CMU Athletics: practices, lifts, and pandemic protocols

Carnegie Mellon athletes have returned to school this fall to practice for an uncertain spring season.

The coronavirus pandemic led to the cancellation of sports last spring, and then this fall. Now, teams that still want to engage in sports have returned on a limited basis to practice while competitive events are still canceled. With new restrictions on practices to prevent the spread of COVID-19, teams have begun to return some small sense of normalcy to their operations during an abnormal season, and coaches have begun tentative plans for competitive events in the spring.

The players that have returned vary in terms of class and sport. According to coaches across multiple sports, some players are studying remotely or otherwise opting out of sports, and some seniors have opted out, too. However, some teams committed to returning in the fall. Senior Stefanie McMillan, a Carnegie Mellon swimmer, said that most of the swim team has committed to returning. Josh Centor, Carnegie Mellon's Director of Athletics, conceded, "not all of our student athletes are here. We know that, and that's okay."

Centor, also the head of Carnegie Mellon's Return to Play Committee, said restrictions were decided sport-by-sport. He said each coach submitted practice plans to the task force, with the task force giving feedback to coaches on how they could modify plans for approval to start practicing. Additionally, there are capacity limits for the gyms on campus, and according to Centor, "we've de-densified the pool".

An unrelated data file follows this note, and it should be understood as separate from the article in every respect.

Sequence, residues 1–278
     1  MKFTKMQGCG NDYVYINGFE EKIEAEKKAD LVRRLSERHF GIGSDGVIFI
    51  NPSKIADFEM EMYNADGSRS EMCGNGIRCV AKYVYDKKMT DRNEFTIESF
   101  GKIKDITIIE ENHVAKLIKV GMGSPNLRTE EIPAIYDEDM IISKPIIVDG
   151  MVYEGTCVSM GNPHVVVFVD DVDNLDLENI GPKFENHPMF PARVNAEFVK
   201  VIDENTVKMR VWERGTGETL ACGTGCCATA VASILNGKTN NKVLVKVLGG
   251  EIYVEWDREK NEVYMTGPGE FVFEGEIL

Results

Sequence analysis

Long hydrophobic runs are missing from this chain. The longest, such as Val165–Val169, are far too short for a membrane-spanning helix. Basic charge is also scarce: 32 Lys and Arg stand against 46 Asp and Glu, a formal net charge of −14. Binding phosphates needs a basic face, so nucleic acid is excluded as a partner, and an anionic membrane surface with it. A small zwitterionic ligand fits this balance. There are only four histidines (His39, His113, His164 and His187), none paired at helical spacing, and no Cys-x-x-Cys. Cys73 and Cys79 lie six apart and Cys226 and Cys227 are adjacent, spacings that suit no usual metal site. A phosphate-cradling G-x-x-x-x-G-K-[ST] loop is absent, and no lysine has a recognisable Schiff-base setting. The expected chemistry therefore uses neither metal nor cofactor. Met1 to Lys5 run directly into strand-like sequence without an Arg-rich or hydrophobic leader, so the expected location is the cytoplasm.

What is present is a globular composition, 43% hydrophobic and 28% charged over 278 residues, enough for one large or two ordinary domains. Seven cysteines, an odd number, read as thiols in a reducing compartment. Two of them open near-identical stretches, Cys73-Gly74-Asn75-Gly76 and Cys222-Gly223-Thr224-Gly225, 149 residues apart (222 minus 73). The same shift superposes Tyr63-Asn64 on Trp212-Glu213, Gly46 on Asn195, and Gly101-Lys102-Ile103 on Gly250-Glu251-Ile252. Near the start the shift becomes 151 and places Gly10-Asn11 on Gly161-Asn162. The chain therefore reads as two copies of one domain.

Richard Lackner, the head football coach, said that his team tries to socially distance and wear masks during practice. The players do not wear shoulder pads since "there's no need to have shoulder pads on when you can't hit each other."

Practice and weightlifting are also restricted to small groups of players, so coaches have to run more practices. Lackner compared the challenge of scheduling new groups to "a huge Rubik’s cube." "Both my coordinators and my kicking game coordinator looked at all the various schedules and said, 'when can we get together with this group of players and that group of players?'"

Putting together practice groups has been another challenge for teams. While football groups players by position, the swim team opted to make groups based on availability and which teammates are living together, according to McMillan. She said players submitted their availability and housemates to form groups for practices and weightlifting.

The football team is one of the few teams with a schedule for the spring. The Carnegie Mellon football team is a member of the Presidents' Athletic Conference, which released a tentative schedule for the spring. Lackner said, “Just having the potential of a five-game schedule in the spring next semester is certainly something that gives us some hope.”

Plans for most other teams to compete are not set. Yon Struble, the head women's soccer coach, said, "I'm going to be very challenged to find and put together a spring schedule." He added that he is contacting Division I and Division II teams to schedule games: "The level of our opponent is not as important as just getting the opportunity to play."